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July 17, 2015 | Home Country Bias

A best-selling Canadian author of 14 books on economic trends, real estate, the financial crisis, personal finance strategies, taxation and politics. Nationally-known speaker and lecturer on macroeconomics, the housing market and investment techniques. He is a licensed Investment Advisor with a fee-based, no-commission Toronto-based practice serving clients across Canada.

BABY ON BOARD modified

I thought this was an interesting blog comment yesterday:

Garth you sound like The American more and more. I am open to another man’s opinion. But I will not read your blog anymore with all your pro US and anti Canadian hyperbole. If you love them so much then GTFO.

While some anon hater was writing that, our dollar slipped below the 77-cent US market for the first time since the lights went out in 2009. Commodities (especially gold) lost more ground, pulling the TSX to a reasonable loss. The one-year return for Toronto stocks is negative, at -1%. In contrast, the 12-month return for the Dow is 9% and the S&P has increased 10.8%. The Nasdaq is ahead 21% year/year while being up almost 11% so far in 2015. And it’s only July.

Only a fool would not want a globally-diversified portfolio. After all, in Europe the French market has added 23% this year, outpacing the gain in England (6.7%) and even the German market’s advance of 19%. As mentioned a few days ago, the Chinese market – despite recently laying an egg – has returned 95% in the twelve months. Even stocks in poor deflationary Japan have given investors there a 19% goose so far this year.

Sadly, almost three-quarters of all Canadian investors have 100% of their assets in Canada, in Canadian assets, denominated in Canadian dollars. Not only have they taken a beating with a serious devaluation of the dollar (down over 3% in three months), but Canadian equity holdings have clearly lagged the rest of the world. Meanwhile a misguided monetary policy has kept interest rates in the ditch, heavily penalizing those who save their money and stuff it into interest-bearing investments.

It’s not anti-beaver to point these things out. Because we’re a small population rattling within a large country, living beyond our means and therefore dependent on exports and commodity values, if your whole portfolio’s made up of maple assets, risk is accentuated. Yeah, I know this is what [email protected] bank recommended – Canadian equity index funds, Canadian balanced funds, a nice Canadian bond fund, all topped off with a Canadian market-linked GIC – but that’s because the bank makes money from fees, not results.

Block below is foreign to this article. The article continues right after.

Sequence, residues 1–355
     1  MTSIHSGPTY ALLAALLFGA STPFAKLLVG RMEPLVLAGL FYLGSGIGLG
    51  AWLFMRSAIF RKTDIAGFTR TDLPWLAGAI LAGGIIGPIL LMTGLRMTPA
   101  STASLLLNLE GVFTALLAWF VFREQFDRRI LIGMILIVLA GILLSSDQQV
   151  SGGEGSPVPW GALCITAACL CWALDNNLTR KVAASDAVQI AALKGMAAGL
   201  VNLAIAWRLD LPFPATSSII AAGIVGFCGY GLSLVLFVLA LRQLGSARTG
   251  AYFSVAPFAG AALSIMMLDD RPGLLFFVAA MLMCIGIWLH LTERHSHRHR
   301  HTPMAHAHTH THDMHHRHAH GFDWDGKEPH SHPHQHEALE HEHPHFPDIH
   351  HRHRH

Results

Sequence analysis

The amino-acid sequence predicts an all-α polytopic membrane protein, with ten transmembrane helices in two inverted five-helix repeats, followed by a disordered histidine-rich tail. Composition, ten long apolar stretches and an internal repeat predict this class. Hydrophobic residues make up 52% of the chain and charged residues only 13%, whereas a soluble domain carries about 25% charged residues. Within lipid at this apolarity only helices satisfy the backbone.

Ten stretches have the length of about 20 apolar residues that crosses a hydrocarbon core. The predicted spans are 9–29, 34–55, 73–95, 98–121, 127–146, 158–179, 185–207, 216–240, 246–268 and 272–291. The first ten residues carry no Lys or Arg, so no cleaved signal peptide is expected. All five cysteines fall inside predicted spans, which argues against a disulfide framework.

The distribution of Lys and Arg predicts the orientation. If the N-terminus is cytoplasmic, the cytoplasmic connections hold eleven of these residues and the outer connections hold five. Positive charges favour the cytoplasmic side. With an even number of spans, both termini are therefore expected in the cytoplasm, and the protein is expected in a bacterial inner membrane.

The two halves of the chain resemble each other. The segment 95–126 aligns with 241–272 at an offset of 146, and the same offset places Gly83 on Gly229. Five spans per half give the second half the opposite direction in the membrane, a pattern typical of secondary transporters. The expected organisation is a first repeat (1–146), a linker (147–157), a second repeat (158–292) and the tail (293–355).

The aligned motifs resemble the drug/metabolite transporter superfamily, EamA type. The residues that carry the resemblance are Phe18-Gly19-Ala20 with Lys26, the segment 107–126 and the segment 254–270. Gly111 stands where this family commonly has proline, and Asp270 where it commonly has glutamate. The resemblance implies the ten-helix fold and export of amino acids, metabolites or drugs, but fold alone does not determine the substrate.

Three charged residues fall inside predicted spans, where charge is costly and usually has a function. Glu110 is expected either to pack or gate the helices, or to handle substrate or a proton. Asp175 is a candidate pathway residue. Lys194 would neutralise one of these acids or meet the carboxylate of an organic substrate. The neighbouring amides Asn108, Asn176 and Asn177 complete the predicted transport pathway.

It’s also not betraying our national ugly aquatic rodent, or even artery-murdering poutine, to point out we’ve all spent the last six years getting pickled in debt as we sell each other houses at ever-higher prices. The average property in 416 traded for $421,110 in the summer of 2009. This summer that number (houses and condos) is $682,264.

But while house prices increased 38%, and household debt doubled, incomes grew less than 12%. Six years after the GFC our dollar is at the same abysmal level, our trade deficit has rocketed higher, provinces and households are swimming in loans, we’ve added $200 billion to the national debt, and the central bank this week was forced to slash interest rates because of a recession.

And this is where you want to have all your money?

Seriously. There is more pain to come. Once the Fed starts to increase its rate, adding 1% per year for the next two, our currency will slump further. There is no doubt in my mind the Bank of Canada will be forced to reverse course and increase its overnight rate, starting some time in 2016. Meanwhile, as posted here yesterday, fixed-rate mortgage rates will be higher months earlier. Imagine what that will do to real estate. And there’s absolutely no reason on the horizon for oil prices to improve, as the world continues to be awash in surplus crude.

This is why a nicely-diversified portfolio would have just 17% Canadian exposure in its growth component, a touch over 20% US and about 18% international. It’s why you also want balance, with close to 20% in rate-reset preferreds which today pump out a 5% tax-reduced dividend, and will chug higher along with rates. (They’re also on sale at the moment.) Other components I have already discussed. Google it.

By the way, did you notice that inflation just popped? That’s what a cheap dollar brings. If you can live without lettuce, iPhones or a Harley, it doesn’t matter. But what a sad life that would be.

By the way, I love my country.

Why else would I do this every day?

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July 17th, 2015

Posted In: The Greater Fool

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